Austria's far-right Freedom Party, mindful of a forthcoming regional election in Vienna, has called for a special vote on whether to ban minarets and Islamic face veils.
Analysts say the debate will play a major role in the Oct. 10 regional election in the capital Vienna, a stronghold of the struggling Social Democrats in conservative Austria.
The non-binding referendum that Freedom wants can be called by Austria's parliament and could influence government policy. There has not been such a vote at a national level in post-war history though some provinces including Vienna have held such polls.
Around 1.2 million can vote in the province which comprises the capital city, Austria's financial and political hub.
Freedom, an anti-foreigner party which captured 17.5 per cent of votes at a national level two years ago, says the proposed poll would also ask whether Muslims should promise to recognise the Austrian legal system above sharia, or Islamic law.
"Vienna should be the first province to hold such a poll as this is where the most Muslims live and because there are a growing number of legitimate protests against Islamic building projects," said Freedom leader Heinz-Christian Strache.
The poll would ask voters whether there should be a ban on headscarves in public and a complete ban on full face veils.
Mr. Strache said he wanted to see protests in Vienna like those in New York, where hundreds have rallied against a proposed Muslim cultural centre and mosque near the World Trade Center site.
The far right has gained ground in Europe recently, with Geert Wilder's anti-Islam party doubling its seats in the Dutch parliament after elections last month.
Swiss voters backed a ban on building minarets in a referendum last November, a vote that drew widespread international criticism.
Around 120,000 of Austria's half million Muslims live in Vienna, making up around 8 per cent of the population there.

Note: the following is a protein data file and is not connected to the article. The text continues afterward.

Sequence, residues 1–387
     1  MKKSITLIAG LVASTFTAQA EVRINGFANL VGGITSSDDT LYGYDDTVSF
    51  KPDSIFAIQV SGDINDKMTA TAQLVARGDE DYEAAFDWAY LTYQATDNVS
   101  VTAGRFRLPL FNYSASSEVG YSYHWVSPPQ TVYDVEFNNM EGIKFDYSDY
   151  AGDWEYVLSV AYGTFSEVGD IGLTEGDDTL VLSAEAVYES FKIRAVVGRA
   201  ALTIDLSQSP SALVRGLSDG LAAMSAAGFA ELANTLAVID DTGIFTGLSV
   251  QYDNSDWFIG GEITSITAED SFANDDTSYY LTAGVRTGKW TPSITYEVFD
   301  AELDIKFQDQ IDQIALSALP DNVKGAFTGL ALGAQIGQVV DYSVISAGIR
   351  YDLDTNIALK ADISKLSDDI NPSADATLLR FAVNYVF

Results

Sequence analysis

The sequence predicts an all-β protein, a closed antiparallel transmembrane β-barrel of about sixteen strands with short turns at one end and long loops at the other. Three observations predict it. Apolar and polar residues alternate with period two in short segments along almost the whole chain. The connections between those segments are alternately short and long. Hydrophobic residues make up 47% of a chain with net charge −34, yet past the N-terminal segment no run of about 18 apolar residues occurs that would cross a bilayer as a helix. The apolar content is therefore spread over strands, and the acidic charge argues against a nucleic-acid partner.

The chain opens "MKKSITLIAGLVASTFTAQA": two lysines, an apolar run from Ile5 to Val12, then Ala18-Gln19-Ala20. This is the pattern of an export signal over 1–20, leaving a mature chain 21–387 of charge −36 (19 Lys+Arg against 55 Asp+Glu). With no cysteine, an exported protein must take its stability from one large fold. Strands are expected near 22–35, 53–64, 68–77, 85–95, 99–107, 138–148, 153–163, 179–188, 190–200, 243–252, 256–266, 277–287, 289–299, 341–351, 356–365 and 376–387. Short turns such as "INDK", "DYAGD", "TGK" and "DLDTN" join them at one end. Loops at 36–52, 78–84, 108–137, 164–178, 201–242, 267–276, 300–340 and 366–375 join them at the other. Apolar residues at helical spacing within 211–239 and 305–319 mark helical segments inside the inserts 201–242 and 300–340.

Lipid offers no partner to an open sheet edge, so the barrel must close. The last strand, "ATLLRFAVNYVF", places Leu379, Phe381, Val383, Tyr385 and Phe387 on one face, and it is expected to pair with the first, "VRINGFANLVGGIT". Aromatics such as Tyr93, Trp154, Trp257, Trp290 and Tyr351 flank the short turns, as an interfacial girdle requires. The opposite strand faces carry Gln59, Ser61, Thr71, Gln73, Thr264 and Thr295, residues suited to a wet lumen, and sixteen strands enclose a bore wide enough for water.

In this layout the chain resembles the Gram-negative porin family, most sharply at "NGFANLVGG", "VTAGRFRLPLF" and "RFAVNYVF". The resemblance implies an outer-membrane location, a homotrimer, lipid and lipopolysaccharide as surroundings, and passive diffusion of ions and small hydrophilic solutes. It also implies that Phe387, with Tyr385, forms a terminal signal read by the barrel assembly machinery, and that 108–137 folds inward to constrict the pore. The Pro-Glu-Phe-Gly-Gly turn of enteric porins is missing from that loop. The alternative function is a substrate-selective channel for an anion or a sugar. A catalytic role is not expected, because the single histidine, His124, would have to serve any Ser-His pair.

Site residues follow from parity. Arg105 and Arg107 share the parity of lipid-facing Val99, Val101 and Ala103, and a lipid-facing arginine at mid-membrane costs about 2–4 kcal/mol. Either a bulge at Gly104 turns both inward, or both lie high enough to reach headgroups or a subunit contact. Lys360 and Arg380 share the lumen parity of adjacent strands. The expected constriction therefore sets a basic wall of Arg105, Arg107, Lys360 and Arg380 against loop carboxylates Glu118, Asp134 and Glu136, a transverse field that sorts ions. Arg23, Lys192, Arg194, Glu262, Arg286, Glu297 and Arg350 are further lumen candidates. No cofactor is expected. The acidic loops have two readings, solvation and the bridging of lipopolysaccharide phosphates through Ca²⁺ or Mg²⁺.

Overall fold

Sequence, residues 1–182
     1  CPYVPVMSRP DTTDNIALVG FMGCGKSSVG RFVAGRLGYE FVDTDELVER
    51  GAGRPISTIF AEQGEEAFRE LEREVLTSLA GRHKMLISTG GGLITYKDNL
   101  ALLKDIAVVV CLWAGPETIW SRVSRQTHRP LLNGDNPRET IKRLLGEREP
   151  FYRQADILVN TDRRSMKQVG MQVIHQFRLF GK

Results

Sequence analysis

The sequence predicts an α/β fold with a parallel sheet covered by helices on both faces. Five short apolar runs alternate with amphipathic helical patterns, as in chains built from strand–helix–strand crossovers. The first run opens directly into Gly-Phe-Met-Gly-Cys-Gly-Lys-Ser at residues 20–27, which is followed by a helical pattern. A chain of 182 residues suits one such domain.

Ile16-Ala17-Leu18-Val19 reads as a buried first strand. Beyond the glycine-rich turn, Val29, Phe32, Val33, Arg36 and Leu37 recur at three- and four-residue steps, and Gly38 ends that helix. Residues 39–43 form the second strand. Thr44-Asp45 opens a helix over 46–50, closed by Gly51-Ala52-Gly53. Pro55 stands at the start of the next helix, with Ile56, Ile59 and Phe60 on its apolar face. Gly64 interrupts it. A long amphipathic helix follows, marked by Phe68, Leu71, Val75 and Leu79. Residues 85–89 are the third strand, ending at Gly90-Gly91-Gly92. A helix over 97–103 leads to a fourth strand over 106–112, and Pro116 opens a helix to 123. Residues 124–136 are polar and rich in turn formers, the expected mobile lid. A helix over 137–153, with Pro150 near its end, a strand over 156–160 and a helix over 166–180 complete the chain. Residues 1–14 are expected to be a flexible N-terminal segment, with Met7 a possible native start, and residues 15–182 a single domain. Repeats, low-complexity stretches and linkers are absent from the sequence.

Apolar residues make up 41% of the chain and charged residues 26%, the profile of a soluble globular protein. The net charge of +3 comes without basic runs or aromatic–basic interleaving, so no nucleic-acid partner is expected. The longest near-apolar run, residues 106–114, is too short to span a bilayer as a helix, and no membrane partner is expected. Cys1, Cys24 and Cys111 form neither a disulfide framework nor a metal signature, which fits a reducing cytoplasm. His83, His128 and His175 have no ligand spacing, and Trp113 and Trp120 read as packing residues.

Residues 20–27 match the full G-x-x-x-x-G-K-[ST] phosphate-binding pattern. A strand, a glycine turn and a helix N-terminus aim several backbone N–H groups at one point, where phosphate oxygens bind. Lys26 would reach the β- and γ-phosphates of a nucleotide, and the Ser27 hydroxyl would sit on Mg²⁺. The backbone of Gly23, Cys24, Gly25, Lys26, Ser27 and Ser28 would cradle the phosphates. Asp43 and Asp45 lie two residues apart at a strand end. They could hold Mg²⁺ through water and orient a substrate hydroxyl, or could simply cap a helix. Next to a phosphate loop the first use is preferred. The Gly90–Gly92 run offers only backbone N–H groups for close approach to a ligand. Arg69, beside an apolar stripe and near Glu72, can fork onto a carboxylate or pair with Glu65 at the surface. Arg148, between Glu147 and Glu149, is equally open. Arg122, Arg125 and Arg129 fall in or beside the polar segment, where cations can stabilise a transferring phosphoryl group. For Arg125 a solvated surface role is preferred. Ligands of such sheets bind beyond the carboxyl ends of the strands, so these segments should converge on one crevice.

The debate started when the head of Austria's Islamic community said he would like to see a mosque with a visible minaret in each of the country's nine provinces. There are four such mosques in Austria, a predominantly Catholic country.
The Freedom Party, which says mosques can be "hotbeds for radical Islam", is running an energetic campaign with catchy slogans, a formula it has used in the past to attract many young voters.
The latest Vienna polls show the Social Democrats on 50 per cent and Freedom in second place with 19 per cent.
Its posters feature a headshot of Mr. Strache, 41, a grinning former dental technician, with the slogan "More guts for our Vienna blood: too much foreignness does no one any good."
Mr. Strache, rejecting parallels to "Nazi language," has said "Vienna blood" only refers to the title of a famous Johann Strauss operetta and is about being traditionally Viennese.
The idea of a special "blood" resonates in the country which produced Adolf Hitler. Mr. Strache says his campaign is against "too much foreignness not foreigners," according to news agency APA.
Other leaders have criticised Mr. Strache's campaign as incitement. "You don't get any lower than Strache," Austria's Social Democrat Chancellor Werner Faymann told the Oesterreich newspaper.